Attorney General Jeff Sessions rescinded all Justice Department marijuana policies from the Obama-era on Jan 4, 2018. Change is coming and the following information will be updated as it happens.
The U.S. Justice Department issued a policy in 2014 regarding marijuana on tribal lands. It allows federally-recognized tribes in states with legalized marijuana to decide their own policies and self-regulate the growing and sales of marijuana on their reservations.
First-time possession of less than 450 grams is a misdemeanor with a maximum 1-year prison sentence and $2,500 fine. Subsequent offenses can bring a fine of $100,000 and a sentence up to 3 1/2 years.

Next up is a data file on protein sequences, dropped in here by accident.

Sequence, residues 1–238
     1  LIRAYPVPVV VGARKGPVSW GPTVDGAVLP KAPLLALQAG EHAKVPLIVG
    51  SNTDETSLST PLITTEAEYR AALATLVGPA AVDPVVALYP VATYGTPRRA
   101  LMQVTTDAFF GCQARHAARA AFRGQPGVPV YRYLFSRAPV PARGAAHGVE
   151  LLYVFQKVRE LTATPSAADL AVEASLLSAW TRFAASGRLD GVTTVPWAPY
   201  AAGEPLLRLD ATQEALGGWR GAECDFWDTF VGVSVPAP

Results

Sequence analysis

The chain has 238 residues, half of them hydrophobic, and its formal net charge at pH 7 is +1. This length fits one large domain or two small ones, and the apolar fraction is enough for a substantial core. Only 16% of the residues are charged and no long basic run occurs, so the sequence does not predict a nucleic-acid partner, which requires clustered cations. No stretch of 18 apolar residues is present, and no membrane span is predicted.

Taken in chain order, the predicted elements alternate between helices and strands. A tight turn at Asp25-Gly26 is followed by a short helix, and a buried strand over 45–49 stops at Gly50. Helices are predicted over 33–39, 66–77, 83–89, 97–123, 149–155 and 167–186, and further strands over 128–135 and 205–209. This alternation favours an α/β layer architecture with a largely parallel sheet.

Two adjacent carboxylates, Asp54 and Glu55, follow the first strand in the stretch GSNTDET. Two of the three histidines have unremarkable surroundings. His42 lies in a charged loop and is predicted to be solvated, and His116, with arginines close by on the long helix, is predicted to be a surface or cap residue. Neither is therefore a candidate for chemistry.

Sale of any amount is a fine of $300,000 to $500,000 and a prison sentence based on the seriousness of the crime.
There four federally-recognized tribes in Kansas. The DOJ marijuana policy on tribal reservations applies to these Kansas tribes. Each is federally recognized as sovereign by the Bureau of Indian Affairs in the U.S. Interior Department.
For a complete list of Kansas tribes and their locations, see our page about Kansas Tribes.
Kansas tribes recognize the challenges and business opportunities of the cannabis industry, but have not announced any business plans.